The Boston area is one of the most expensive housing markets in the United States, so finding affordable housing can be especially challenging yet acutely necessary.
The numbers don’t lie. In Boston proper, the median sales price for houses was up 6.4 percent in January 2020, to $655,000, and the median for condos was up 9.4 percent, to $700,000, according to figures from the Greater Boston Association of Realtors and the Warren Group, a local research firm.
And it’s not much better for buyers beyond the city; the regional average for a house was up 2.7 percent, to $605,000, and for condos up 2.2 percent, to $577,500.
So! How to maneuver through this market-rate nightmare and into subsidized digs? It’s not easy—know that up front. There is understandably a lot of competition for available affordable housing; and the composition of the region doesn’t help. It might be worth limiting your search to Boston proper as well as to its larger neighbors to better your odds.
There is also the possibility of state assistance (more on that later). Here are a few relatively easy ways to get started looking for affordable housing in Boston and its neighbors.
The city of nearly 700,000 has a mercifully convenient clearinghouse for those looking for affordable housing for either sale or rent. It’s called Metrolist, and users can search it via four affordable opportunities: lotteries and resales; available rental listings; and affordable properties. And landlords and other owners can list their properties through Metrolist.
Once through one of these portals, there are further search options, including via neighborhood and price points—and, crucially, the incomes necessary for securing affordable housing.
And one important note on Metrolist and Boston affordable housing in particular: The city uses “affordable housing” as what it describes as “a relative term.” The properties listed and searchable through Metrolist can vary from what seems like downright market-rate, the sort only mildly subsidized—apartments with free months of rent, for instance, or fixer-uppers offered at a sales discount—and to units that the city or the state genuinely subsidizes via vouchers and artificially low costs.
One of Boston’s largest neighbors with more than 113,000 residents, Cambridge also has a catchall of sorts for finding affordable for-sale and rental housing.
Find out what income and asset thresholds you need to meet for the former here, where you’ll all find the necessary application forms. For most affordable resales in Cambridge, the income threshold is 50 percent to 100 percent of the median income of an area of the city (usually abbreviated AMI). The site also provides a handy video explaining affordable housing in Cambridge.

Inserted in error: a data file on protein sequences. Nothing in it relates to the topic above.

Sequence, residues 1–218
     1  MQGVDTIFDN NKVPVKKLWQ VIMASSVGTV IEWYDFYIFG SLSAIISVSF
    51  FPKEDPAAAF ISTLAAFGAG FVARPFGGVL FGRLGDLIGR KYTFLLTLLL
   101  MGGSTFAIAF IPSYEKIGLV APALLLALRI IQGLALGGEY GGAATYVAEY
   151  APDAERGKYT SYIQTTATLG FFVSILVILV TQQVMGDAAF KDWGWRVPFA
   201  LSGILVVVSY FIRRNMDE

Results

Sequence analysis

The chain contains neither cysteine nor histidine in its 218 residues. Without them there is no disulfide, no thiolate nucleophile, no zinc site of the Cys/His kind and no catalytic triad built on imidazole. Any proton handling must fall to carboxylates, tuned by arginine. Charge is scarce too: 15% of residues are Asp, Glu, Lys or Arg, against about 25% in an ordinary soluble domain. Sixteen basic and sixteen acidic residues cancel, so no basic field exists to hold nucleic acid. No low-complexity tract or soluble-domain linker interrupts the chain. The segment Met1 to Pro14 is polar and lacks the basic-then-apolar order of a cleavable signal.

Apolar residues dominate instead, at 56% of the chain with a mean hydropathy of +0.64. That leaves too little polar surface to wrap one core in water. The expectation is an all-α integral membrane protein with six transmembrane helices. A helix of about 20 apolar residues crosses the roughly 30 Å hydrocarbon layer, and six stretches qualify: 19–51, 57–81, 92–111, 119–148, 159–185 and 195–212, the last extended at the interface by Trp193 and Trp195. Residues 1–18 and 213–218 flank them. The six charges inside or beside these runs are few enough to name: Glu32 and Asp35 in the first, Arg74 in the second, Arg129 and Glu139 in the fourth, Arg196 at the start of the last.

As for affordable rental housing in Cambridge, the application forms can be found here, as can an explanation of what’s available.
This city of about 81,000 does not have any single clearinghouse for affordable housing, but it does boast several easily searchable explainers and databases. One of the best databases is simply one that tracks housing lotteries for different properties—which is exactly what it sounds like: Qualified residents apply for subsidized housing and then find out via a lottery.
Somerville also has three main programs to aid first-time homebuyers who face affordability challenges (and who doesn’t in the Boston-area housing market?). One helps with up to $5,000 in aid for closing costs; another provides down payment assistance of up to 15 percent of the purchase price, and the third pays up to $5,000 in down payment assistance and help with the closing costs. Find out more here.
Chelsea, Revere, and Everett
In these three immediate Boston neighbors to the north and northeast, affordable housing is available only to individuals and families with low or what’s termed extremely low incomes.
You can search through the Chelsea Housing Authority, the Revere Housing Authority, and the Everett Housing Authority for options and applications. Most of the options are going to be through federal and state programs, and not necessarily through the municipalities themselves.
Newton and Brookline
These two municipalities to the west of Boston totaling roughly 148,000 souls each have sign-ups for updates on affordable housing options and lotteries—but the pickings are slim. Newton, for instance, had no affordable rental or sales options at the start of March, and only one upcoming rental option, a future 140-unit rental at Washington and Walnut streets. Brookline had zero sales opportunities and only one affordable rental opportunity.
Neither municipality is known for its affordability to begin with, market-rate or otherwise.